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Bell Harmonic Partials

243 bytes added, 17:41, 26 January 2018
Harmonic partials in bells
The Hum, Prime and Nominal should be the same note in their respective octaves. The strike tone of the bell (apparent musical pitch) is always one octave below the Nominal, but not necessarily in tune with the Prime (depending on the quality of the bell).
For many years this basic bell theory was lost until being rediscovered after World War II in the late 17th century by an English clergyman named Canon Simpson, who worked with Taylor as well as Gillett and Johnston bell foundries to improve the sound of their bells. It is therefore sometimes called the Simpson five-tone harmonic principle, even though we know that 16th century Flemish founders François and Pieter Hemony made use of the principle, but failed to teach it to their successors before their demise.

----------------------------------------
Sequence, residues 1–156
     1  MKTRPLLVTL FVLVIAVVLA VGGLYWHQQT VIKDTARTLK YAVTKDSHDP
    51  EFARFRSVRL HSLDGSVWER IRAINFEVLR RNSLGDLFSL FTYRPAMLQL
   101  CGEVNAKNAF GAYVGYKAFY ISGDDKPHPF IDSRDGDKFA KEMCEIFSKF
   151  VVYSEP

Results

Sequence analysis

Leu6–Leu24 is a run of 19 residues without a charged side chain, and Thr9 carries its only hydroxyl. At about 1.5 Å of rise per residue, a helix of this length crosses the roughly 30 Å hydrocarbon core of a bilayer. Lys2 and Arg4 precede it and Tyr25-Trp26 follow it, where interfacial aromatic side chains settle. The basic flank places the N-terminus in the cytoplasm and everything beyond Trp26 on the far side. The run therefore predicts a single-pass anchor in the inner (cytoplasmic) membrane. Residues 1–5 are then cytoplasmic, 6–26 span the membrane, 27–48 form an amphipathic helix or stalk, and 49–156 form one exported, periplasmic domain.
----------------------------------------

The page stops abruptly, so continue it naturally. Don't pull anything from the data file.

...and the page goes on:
A bell's strike tone is what determines the actual pitch of the bell, and is often influenced by higher partials. In some bells, it may be a difference frequency between the nominal and octave above the nominal that occurs in the listener's ear. Especially in larger bells, if the higher partials are not also tuned, there may be beats (exhibited by a wow-wow sound as the bell's sound decays).
Smaller bells will often only exhibit two to four partials that need tuning, simplifying the process to the point that an automated lathe can be employed during manufacture.
== references ==
Andre Lehr - The Art of the Carillon in the Low Countries
John Glanville and William M. Wolmuth - Clockmaking in England and Wales in the Twentieth Century: The Industrialized Manufacture of Domestic Mechanical Clocks
== Ghost Tones ==

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